A Most Colorful Room


My name is Carrie.

I have five kids, and my second son is diagnosed with autism.

His name is Jack.

He is fifteen years old.

As an autism mama, I have always told myself I will never give up on my son.

Oh, I would have liked to, especially during that rough gastrointestinal phase when he was in third grade.

You know, when he came home from school every afternoon with a terrible stomach ache and then he did terrible things in the bathroom and tracked those terrible things all over the house while I tried to catch him and calm him down and get him to at least stand still in one spot so the terrible thing wasn’t on the walls.

Then there was what I like to call the foam soap phase.

During this charming stretch, Jack rubbed liquid soap all over the walls. Every time I turned around, he had big gobs of soap on his hands and he was rubbing it all over the place.

Still, I never gave up, even with all the terribleness, and the soap.

I mean, where was I going to go, exactly? What does giving up look like?

Screaming down the driveway and into the street like my hair was on fire?

Running away to join a witness protection program?

I am happy to report I didn’t do any of these things, although I fantasized about the driveway part more than once.

I stayed.

I did the work. I did the work only a mother can do, which is to say I had absolutely no idea what I was doing.

I wiped the walls and the floors and I soothed my boy, and when the particular terrible episode was finished for the afternoon, I made dinner. I went about the business of raising small children in the midst of the storm that was autism.

I guess I thought if I just behaved according to the constructs of motherhood society handed me, we would get through this.

I could heal him.

At the very least, I could change him.

So I rolled snakes out of play-dough. I sang songs. I learned sign language, and I breaded pork chops. I hid the soap in the medicine cabinet.

None of it worked.

See, autism is a formidable force. You might as well try to turn off the sun, or stop the ocean from crashing to the shore.

Listen, if you had told me when I was a young wife or a teenager or a college student that I was going to grow up and have a son with special needs,well, I probably would have shrugged my shoulders and smiled noncommittally.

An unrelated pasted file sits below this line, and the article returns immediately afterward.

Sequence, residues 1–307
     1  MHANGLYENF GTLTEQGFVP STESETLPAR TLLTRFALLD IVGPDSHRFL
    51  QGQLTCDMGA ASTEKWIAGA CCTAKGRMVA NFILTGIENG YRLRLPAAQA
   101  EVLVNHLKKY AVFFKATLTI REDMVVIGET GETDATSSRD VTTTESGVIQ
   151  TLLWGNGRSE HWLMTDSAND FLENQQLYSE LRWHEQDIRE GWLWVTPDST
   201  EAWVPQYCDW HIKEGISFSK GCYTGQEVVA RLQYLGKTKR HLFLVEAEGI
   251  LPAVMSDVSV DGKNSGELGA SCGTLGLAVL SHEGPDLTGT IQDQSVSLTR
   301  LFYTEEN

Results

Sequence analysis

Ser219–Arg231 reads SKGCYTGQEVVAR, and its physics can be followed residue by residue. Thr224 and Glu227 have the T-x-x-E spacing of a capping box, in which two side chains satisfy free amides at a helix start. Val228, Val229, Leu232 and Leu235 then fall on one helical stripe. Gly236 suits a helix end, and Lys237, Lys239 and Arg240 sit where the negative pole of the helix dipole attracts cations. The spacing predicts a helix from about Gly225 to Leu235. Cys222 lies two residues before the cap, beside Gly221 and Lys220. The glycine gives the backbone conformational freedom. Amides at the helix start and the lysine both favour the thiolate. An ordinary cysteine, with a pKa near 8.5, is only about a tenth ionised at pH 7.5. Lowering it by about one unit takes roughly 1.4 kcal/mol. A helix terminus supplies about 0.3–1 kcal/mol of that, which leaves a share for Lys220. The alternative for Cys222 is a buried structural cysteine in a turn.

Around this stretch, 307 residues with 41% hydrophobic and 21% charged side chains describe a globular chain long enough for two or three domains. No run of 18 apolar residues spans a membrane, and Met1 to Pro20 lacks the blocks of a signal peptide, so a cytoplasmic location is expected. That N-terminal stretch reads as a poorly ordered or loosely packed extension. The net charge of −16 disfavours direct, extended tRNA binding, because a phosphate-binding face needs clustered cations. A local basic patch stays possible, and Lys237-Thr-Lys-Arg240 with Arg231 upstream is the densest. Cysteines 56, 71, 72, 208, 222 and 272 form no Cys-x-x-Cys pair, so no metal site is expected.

Sure, I’d nod. Maybe I’ll also deliver a baby who looks like a unicorn. Both seemed equally likely, and unlikely.

When I was a kid, I didn’t know anyone with special needs. I never met a person with Down Syndrome,or Cerebral Palsy, or Autism Spectrum Disorder.

They rode a different bus to school. They met in a room down the hall, behind a door with frosted glass.

They were shadows in the background. I hardly ever thought about them, which is to say I never thought about them at all.

I never considered what they may need to get through the day, or if they ate lunch earlier or later than the rest of us.

I never wondered if they were learning the same things I was learning, or if they were happy all lumped together like a giant clump of grey.

Yet here I am. Here I am with a boy who has special needs and a diagnosis.

The door is open. I’ve walked the length of the hallway, and I am standing inside the room.

Life is weird like that. It gives us exactly what we need, before we can even imagine we need it.

Life is also complicated. Because in the middle of finding out that the very thing you need is sitting right in front of you in red pajamas, you have to go through a whole lot of other stuff first—anger, fear, insecurity, too many cookies, arguments, meetings, and tears.

It’s such a noble concept, this never giving up idea. It indicates tenacity, and commitment, and maybe a teaspoon of martyrdom.

The problem is—and I resent this more than you can know—there is no glory in it. It is not grandiose, or dramatic.

There is no fanfare.

There are no shortcuts.

You just have to show up every single day.

It is in the details. It is grunt work—wiping up the mess and heating up the pan and buying more soap.

This is what I do.

Neither one of us is a social construct—neither me nor my son.

I don’t like play dough.

I yell sometimes.

I rarely know the lyrics to all the songs.

At some point I realized I couldn’t change him, without first changing myself.

Only then, did we begin to heal.

When I walked down the hallway and opened the door, I knew at once. At once, I knew there is no such thing as grey. In this room, there is only brilliant color and light.

This story originally appeared on A Most Colorful Room

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